Yes. Its the one most prominently mentioned in canon. The other contender would be Berlin (described as like a second Stalingrad in Black Madonna), but the Pact couldn't besiege the city, secure the local area against a hostile local population and fight off NATO simultaneously. Krakow, Lodz and Poznan are all too intact to have suffered an extended siege.

Actually, given the (relatively) low NATO troop density and extended NATO supply lines I was trying to figure out why it took the Pact over 2 months of tactical nuclear warfare to lift the siege of Warsaw (first nuc July 9, siege lifted September 15). Its about 120 miles from Brest to Warsaw, an average of under two miles a day. You would think that any time a NATO unit set up a strong blocking position the Soviets would drop a nuc on it, and if the NATO troops dispersed enough to make that ineffective they are left vulnerable to infiltration. NATO wasn't that efficient in hunting down delivery systems (see ODS Scud hunting!) Part of the reason I ended the document where I did was because I couldn't/didn't want to figure out the tactical/operational nuclear exchange.
It may be that the nukes were used sparingly at first - i.e. we use one here you use one back and it took a while to get to where Poland got nuked as badly as it did - plainly by the time the US and Germans pulled back from Warsaw there werent any more restraint on nukes - i.e. they basically blew the city away
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Old 06-27-2019, 12:04 PM
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There's also when you think about it, the nature of what the nuclear targets are? Chico and I looked and discovered that they calculated that it took 5-6 5kt tactical devices to do acceptable damage to a single tank battalion. It takes a lot less, and does more long term damage if you go after the rear area services, so it may be a case of more warheads are being flung at the Pact and NATO rear areas. This has the effect of slowing down the Pact advance to a pace that NATO is somehow managing to retreat faster than the Pact can catch them. (though the fact that it still takes the Pact 2 MONTHS to relieve Warsaw does call that into question?).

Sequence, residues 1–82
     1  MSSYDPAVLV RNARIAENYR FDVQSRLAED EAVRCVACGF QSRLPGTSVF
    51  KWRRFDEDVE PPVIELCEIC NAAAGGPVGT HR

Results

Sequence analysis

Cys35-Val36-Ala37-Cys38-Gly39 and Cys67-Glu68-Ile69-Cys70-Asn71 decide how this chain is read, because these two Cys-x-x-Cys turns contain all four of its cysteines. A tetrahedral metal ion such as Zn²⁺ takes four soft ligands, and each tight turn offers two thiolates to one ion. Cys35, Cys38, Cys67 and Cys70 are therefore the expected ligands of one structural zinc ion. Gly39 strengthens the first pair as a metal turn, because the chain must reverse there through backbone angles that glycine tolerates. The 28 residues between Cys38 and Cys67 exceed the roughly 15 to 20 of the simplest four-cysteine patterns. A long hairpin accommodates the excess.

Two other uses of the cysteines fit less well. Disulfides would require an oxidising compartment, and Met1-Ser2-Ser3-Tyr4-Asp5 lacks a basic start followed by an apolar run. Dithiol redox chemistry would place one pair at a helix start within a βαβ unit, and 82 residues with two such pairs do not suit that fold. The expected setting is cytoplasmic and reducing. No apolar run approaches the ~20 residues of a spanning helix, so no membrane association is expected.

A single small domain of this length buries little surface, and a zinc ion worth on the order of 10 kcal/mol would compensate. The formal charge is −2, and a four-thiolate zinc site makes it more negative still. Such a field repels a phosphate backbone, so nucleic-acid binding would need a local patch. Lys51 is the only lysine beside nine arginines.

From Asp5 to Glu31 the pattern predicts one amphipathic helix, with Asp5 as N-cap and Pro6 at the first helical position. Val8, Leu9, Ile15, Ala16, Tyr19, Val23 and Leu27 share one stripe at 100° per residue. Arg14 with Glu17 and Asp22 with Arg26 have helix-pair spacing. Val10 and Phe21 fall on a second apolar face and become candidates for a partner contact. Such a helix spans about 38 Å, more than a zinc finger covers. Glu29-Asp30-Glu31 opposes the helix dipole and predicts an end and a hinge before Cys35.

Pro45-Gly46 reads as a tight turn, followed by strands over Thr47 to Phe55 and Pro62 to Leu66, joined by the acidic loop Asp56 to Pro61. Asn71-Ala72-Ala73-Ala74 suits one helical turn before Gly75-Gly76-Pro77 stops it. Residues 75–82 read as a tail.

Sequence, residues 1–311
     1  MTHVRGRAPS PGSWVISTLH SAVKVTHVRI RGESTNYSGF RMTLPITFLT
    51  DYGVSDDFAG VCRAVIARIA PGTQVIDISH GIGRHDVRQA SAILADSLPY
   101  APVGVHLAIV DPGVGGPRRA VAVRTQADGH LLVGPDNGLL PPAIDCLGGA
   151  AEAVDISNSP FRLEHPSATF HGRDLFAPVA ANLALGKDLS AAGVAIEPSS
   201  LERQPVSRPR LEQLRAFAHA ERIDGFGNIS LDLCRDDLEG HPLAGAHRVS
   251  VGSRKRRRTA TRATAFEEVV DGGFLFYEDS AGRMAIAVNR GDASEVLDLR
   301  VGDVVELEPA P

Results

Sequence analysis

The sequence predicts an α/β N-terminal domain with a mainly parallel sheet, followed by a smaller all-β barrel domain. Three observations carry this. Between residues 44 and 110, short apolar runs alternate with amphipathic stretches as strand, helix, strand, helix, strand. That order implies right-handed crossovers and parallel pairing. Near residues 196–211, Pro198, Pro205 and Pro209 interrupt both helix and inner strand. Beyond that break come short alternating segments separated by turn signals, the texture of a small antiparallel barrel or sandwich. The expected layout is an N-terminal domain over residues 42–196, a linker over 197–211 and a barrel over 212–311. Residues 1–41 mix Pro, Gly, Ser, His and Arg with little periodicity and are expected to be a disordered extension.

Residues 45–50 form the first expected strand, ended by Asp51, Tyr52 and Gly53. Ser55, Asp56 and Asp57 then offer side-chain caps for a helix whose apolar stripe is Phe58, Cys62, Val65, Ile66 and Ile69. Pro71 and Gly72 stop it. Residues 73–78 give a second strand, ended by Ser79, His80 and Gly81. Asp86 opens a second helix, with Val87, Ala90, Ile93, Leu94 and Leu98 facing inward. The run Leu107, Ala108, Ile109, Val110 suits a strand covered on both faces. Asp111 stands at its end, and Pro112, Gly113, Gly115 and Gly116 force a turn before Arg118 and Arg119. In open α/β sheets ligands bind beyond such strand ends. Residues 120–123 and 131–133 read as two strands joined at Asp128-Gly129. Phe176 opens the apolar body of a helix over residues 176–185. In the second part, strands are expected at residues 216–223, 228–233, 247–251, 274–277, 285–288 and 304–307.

Viewed in this lens, the NATO retreat makes a LOT of sense, as if you're losing your tactical/operational supply net in the field, it makes sense to retreat to where it's intact, Germany. And the pace of the Pact advance makes sense. Look at the pattern of Soviet advances in WWII, they'd advance for a bit, make great gains, and then peter out when they outran their supply infrastructure (Now yes, this doesn't account for nukes, modern smart munitions, and the fact they're advancing over an atrocious Polish road net that's been fought over twice and now nuked once?) Maybe it's just that simple, the road net is such a mess, it cannot support either army very well?
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Old 06-28-2019, 12:27 AM
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I'll add my voice to the section about the road network.
The quality of any roads in different areas of Poland can vary from average to well below poor.
Drivers in northern Poland generally avoid puddles on the road when they see them, the attitude is that you never know how deep or wide the pothole is, so you go around it to avoid damaging your vehicle.
I saw potholes repaired by simply dumping rubble in them and then covering them over with asphalt. In other places they were repaired by pouring concrete into the hole or by using paving bricks. Over time the area around the repaired section degraded to the point where you no longer had a hole in the road but a higher section that was effectively now a speedbump (or sump remover depending on how low the vehicle was!)

So it's not just the quality but also the consistency of the roads that you have to worry about. Saying that some road repairs were 'slapdash' is probably being kind.
The road quality & consistency did appear to improve the further south I went, I vaguely remember the roads in Krakow where decent, far better than many of the roads I saw in Warsaw and further north.
With several months of heavy traffic I believe most of the roads useful for the military will be severely degraded and only off-road capable vehicles will be able to use them.
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Old 06-28-2019, 03:24 PM